Is Cremation Really Cheaper than Traditional Burial?

Comparing the Cost of Funerals Vs. Cremation Over Time

There is a prevailing notion today that when it comes to what to do with a loved one’s remains after they pass away, that cremation is cheaper than a traditional funeral, with its casket, burial plot, preparations for viewing the body, and so forth. But where does this idea come from, and is it true?

According to the National Funeral Director’s Association (NFDA), the median cost of a traditional funeral and burial is currently more than $8000, while the median cost of a cremation is just over $2200 at the low end and almost $5500 when you add in a casketed funeral with a viewing.

Traditional funeral costs have risen steadily and dramatically over the last 50 years, and this trend shows no sign of slowing down anytime soon. In 1960 a fairly nice but standard funeral, including a casket, viewing and burial plot, came to $708. In 20 years that total had more than doubled to over $1800 in 1980. But over the next 20 years, by 2000, that total almost tripled. So costs are not only rising, they are rising faster and faster. It is not inconceivable that by 2020, the average traditional funeral could cost upwards of $10,000.




Cremation costs are typically lower than traditional burial costs

With that huge number looming on the horizon, it’s no wonder that more and more people are looking for alternatives. The NFDA projects that by 2020, more than half of Americans (55%) will choose cremation as their means of handling the remains of loved ones, and that by 2030, that rate will explode to 70%.

While there is no shortage of add-ons and extras that a family can choose to tack onto a memorial service to honor a loved one, cremation has over the years proven to be a more affordable option. Besides being less expensive in the first place, cremation costs seem to be rising much more slowly than traditional funeral costs. In 2000, the average cost of a cremation (according to the 2001 NFDA price list survey) was about $1400. By 2010 it had only risen to $1650, an increase of 16% over ten years, while traditional funeral costs went up by 30% over that same period.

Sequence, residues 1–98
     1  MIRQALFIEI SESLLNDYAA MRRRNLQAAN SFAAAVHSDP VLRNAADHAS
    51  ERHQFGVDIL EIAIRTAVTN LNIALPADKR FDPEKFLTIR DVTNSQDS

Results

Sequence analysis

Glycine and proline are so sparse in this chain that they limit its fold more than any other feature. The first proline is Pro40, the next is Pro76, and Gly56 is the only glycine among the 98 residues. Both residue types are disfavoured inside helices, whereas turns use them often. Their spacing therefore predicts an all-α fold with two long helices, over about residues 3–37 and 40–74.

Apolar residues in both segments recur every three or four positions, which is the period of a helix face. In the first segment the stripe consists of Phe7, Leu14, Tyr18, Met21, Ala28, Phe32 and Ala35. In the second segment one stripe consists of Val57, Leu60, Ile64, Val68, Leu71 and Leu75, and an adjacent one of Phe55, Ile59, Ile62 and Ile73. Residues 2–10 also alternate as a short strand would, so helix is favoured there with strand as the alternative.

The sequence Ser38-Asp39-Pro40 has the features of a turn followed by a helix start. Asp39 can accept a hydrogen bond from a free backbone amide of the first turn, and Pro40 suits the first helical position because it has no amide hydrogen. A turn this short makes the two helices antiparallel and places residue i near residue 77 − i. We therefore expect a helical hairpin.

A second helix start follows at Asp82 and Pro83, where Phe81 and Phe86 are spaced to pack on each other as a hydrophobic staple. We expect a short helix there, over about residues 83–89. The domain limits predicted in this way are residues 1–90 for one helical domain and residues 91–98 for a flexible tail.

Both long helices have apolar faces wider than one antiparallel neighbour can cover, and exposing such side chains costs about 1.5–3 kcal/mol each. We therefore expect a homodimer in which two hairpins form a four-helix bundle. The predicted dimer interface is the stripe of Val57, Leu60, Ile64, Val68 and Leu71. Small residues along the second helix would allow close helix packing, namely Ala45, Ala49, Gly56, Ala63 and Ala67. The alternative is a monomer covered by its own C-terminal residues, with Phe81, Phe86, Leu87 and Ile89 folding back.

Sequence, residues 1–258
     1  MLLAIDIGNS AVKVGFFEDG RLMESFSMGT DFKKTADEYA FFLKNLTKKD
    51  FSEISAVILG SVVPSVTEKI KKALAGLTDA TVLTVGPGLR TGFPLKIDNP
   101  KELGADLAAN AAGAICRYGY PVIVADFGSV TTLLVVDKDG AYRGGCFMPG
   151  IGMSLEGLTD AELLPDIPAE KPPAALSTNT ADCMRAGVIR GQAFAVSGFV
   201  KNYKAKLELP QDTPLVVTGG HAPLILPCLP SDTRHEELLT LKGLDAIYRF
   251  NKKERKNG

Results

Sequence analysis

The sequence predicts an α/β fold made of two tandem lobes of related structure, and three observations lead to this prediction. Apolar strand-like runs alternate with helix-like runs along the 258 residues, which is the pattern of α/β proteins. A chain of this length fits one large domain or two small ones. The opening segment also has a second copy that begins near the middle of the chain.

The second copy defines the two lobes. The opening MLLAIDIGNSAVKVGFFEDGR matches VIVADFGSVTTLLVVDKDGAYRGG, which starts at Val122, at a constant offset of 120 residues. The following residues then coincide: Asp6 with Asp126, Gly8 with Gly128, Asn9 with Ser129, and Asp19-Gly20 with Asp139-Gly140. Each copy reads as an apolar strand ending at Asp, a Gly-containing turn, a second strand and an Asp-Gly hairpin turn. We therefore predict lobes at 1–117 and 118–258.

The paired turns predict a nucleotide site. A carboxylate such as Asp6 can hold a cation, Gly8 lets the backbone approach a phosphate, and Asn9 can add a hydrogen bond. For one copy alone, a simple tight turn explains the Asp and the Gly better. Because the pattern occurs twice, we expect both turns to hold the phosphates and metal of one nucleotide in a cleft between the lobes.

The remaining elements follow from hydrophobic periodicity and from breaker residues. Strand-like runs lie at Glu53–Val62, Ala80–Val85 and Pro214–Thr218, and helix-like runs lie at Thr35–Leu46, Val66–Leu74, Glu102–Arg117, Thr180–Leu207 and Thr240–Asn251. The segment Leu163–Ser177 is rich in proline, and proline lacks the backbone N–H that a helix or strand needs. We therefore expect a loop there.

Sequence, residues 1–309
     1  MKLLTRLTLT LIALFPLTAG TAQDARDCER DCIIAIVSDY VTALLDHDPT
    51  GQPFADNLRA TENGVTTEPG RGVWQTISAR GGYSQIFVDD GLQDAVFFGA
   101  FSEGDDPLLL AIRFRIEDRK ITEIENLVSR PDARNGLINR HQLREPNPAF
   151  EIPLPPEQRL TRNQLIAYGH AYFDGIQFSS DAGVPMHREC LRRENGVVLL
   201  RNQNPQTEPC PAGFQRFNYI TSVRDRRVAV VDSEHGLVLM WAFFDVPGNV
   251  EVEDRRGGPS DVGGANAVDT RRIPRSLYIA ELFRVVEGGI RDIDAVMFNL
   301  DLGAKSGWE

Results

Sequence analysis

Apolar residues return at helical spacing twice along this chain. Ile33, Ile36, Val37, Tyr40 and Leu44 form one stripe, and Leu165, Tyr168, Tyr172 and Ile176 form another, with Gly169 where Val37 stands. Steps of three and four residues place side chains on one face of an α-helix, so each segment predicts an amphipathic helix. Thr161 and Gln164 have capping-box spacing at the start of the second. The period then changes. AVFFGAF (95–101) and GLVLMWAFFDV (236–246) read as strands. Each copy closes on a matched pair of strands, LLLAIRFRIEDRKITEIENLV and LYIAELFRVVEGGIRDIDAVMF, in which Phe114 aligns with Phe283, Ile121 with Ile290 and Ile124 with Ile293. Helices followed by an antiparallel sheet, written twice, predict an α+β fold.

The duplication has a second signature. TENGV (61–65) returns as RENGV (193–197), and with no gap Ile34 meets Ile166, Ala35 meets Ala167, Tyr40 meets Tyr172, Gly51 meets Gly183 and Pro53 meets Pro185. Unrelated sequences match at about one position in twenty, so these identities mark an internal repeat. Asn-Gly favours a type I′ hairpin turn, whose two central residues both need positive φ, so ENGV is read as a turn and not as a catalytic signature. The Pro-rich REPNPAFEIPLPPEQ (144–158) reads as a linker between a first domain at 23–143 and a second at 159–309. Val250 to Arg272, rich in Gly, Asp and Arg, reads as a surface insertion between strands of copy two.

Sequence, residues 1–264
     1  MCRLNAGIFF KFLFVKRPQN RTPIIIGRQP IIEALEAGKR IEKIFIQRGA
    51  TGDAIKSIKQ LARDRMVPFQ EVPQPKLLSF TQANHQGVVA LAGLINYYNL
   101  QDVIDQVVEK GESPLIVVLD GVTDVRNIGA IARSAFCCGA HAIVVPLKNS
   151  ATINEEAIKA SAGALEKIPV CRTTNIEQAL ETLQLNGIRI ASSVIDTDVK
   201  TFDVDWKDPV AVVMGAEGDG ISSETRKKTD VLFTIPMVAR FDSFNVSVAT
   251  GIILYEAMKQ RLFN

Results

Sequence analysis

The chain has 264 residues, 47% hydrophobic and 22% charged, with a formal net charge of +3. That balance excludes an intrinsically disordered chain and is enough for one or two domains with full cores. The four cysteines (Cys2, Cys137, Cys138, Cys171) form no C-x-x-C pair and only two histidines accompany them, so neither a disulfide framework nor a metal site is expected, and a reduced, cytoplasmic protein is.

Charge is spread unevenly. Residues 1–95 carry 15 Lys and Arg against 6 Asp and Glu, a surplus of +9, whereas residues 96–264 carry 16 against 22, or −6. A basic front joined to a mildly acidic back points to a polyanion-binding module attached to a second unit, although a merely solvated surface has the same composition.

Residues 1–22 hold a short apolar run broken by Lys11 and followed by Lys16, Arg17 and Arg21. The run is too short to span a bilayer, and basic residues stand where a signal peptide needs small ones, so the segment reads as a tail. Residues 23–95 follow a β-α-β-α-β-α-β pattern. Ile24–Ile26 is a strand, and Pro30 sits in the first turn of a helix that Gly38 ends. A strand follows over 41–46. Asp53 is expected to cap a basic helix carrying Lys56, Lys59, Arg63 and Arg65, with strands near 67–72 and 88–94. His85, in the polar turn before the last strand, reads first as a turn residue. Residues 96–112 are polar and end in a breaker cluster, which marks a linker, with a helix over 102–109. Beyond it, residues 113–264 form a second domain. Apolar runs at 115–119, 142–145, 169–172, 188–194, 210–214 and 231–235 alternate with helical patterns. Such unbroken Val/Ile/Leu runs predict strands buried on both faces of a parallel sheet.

Cremation as a beautiful option for honoring your loved one.

You can present a dignified celebration of your own or a loved one’s life, without exposing yourself to the financial strain imposed by expensive traditional burials. Even if you select a wooden urn, crafted from exotic woods, a unique, decorative ceramic urn, or an earth-friendly biodegradable urn, chances are you will still be able to keep the total cost of the burial under control.

  • You can still include a viewing prior to the cremation if you choose, although this will add casket rental and embalming costs to the total price.
  • You may also choose to have the urn containing the cremated remains interred at the cemetery for family and friends to visit and pay their respects for years to come. As with a burial plot, the space is not free, and you will pay a fee to the owner of the columbarium.

Direct Cremation – A Beautiful Ceremony on a Budget

For those who are truly in need of a budget burial, direct cremation may be the best option. In this case, your loved one’s body would be taken directly from the place of death or the morgue to the crematorium, where the cremation takes place. There is typically no formal viewing or ceremony, the body is not embalmed, and no hair care or makeup is necessary. You may not need to purchase a casket, as an “alternative container,” for the process should be offered.

With the purchase of a beautiful and affordable metal urn, and a dignified ceremony at the home of the deceased or a family member, direct cremation is a way for your family to honor the deceased even when finances are tight.

Please browse our blog to explore creative ideas about presenting a beautiful memorial regardless of your budget, and feel free to reach out to us at 877-659-2305 with your questions at any time.

One Response to “Is Cremation Really Cheaper than Traditional Burial?”

  1. From Gregory Willard

    I think it’s interesting that more than half of Americans will choose cremation. My grandpa was given a traditional burial, but was considering doing cremation. I think that cremation is a very interesting way of doing a funeral. Thanks for the information.

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